SALT - Tuesday 18 Nisan 5776, Omer 3 - April 26, 2016

  • Rav David Silverberg

            The Mishna Berura (498:9) writes that when one counts the omer after the sixth day, when reference is made to both the number of days and the number of weeks, the word “shavua” must be pronounced “shAvua,” with a kamatz vowel, and not “shEvua,” with a sheva vowel.  (Presumably, this would apply also to the plural form “shavuot,” which must be pronounced “shAvuot,” and not “shEvuot.”)  The reason, as explained by Rav Efrayim Greenblatt in his Rivevot Efrayim (5:344), is that the word “shevua” means “oath,” and not “week,” and is thus incorrect in the context in the sefirat ha-omer.

            In his discussion of this topic, Rav Greenblatt writes that in his view, one who mistakenly says “shevuot” has not fulfilled his obligation, and must repeat the counting, since he mispronounced the vitally important word “shavuot.”  However, he cites other authorities with whom he had corresponded about this subject who disagreed, and ruled that the mitzva is fulfilled even if one mistakenly recited “shevuot.”  One correspondent, Rav Shushan Mazuz, noted the fact that, as the Mishna Berura (489:7) mentions, some authorities ruled that one who counted only the days (for example, “Today is the eighth day of the omer”) without mentioning the weeks (meaning, he did not add, “which is one week and one day”), has nevertheless fulfilled his obligation.  These poskim include the Magen Avraham, the Chid’a, the Chok Yaakov, the Elya Rabba, and others.  In light of the different views on the subject, the Mishna Berura ruled that one who omitted mention of the weeks should repeat the counting, but without a berakha, in order to satisfy all opinions.  In the case of one who mistakenly recited “shevuot,” Rav Mazuz writes, we can factor in the lenient view noted by the Mishna Berura, as well as the fact that it is uncertain whether the mispronunciation of “shavuot” undermines the counting of weeks.  Therefore, although it would be preferable for the individual to repeat the counting without a berakha, he has fulfilled his obligation.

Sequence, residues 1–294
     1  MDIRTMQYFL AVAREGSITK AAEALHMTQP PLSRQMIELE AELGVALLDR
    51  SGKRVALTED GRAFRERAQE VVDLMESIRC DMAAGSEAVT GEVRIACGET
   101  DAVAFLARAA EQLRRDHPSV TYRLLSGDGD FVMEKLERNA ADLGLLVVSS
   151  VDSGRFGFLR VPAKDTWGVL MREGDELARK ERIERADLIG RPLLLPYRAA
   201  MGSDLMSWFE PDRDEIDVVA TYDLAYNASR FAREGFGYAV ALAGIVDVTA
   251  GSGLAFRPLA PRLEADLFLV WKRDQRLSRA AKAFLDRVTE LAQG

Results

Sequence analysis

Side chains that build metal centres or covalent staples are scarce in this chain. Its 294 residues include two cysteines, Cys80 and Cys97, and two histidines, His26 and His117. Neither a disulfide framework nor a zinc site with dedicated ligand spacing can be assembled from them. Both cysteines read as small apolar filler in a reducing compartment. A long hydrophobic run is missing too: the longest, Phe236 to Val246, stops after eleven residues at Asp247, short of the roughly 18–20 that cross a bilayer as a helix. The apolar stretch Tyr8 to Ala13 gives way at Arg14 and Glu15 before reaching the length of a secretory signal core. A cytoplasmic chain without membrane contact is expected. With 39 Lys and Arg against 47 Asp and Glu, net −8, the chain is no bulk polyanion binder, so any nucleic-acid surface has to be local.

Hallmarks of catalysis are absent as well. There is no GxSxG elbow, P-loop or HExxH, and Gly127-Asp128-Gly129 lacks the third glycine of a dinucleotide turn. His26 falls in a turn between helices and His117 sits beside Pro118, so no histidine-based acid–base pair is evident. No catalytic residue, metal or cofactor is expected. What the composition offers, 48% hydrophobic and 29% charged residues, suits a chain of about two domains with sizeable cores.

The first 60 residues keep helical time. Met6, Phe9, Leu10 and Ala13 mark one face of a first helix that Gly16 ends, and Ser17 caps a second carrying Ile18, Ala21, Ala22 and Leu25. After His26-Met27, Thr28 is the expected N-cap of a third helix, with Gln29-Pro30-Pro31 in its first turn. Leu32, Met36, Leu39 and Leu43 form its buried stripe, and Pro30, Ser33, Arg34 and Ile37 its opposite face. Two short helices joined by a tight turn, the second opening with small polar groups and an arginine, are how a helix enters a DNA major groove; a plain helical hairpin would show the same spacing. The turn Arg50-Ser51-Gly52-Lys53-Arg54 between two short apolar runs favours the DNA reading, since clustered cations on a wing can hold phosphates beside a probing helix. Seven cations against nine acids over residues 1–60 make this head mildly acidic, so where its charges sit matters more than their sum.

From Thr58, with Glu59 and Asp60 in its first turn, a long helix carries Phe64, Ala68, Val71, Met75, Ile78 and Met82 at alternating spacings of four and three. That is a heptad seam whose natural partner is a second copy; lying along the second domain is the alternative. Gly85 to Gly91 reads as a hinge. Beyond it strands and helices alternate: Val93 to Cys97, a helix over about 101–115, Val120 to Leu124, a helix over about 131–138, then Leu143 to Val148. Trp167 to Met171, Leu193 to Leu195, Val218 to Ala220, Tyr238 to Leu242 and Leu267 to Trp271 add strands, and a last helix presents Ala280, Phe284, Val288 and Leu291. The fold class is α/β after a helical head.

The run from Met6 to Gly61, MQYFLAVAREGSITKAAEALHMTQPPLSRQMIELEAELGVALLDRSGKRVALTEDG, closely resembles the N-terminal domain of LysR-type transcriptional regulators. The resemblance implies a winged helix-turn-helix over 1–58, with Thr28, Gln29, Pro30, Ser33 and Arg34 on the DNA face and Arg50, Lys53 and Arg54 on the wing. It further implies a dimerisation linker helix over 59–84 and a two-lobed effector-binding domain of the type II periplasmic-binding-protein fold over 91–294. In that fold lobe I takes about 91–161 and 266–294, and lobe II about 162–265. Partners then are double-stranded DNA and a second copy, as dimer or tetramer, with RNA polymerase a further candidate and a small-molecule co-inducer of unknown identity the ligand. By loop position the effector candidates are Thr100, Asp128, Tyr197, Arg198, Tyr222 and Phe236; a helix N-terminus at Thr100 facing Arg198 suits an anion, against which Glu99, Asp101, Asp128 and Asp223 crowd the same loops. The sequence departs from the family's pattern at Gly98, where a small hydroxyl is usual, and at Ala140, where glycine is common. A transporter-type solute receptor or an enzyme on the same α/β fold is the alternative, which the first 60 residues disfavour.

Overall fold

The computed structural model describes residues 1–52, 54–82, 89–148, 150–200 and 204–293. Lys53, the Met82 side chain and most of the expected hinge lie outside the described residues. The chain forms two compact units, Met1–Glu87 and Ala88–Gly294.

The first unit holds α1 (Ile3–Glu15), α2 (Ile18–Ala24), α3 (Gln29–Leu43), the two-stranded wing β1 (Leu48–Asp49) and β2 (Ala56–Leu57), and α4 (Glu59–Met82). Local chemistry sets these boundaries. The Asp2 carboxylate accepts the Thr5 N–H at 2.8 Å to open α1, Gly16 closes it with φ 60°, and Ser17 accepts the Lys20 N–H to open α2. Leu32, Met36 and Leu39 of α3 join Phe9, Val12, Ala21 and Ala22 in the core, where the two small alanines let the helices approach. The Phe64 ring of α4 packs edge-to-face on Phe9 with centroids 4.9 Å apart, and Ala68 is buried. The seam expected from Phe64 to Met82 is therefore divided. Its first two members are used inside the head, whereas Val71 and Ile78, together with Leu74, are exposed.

Another consideration, which Rav Greenblatt cites from Rav Yosef Bar Shalom, is that even one who mistakenly recited “shevuot” clearly meant to say “weeks,” and not “oaths,” and thus he has fulfilled the mitzva despite the mispronunciation.  Rav Bar Shalom added that according to Rabbenu Yerucham, the requirement to mention the weeks in the counting to begin with applies only on the level Rabbinic enactment (even if sefirat ha-omer nowadays applies on the level of Torah obligation), so there is certainly room for leniency in this regard.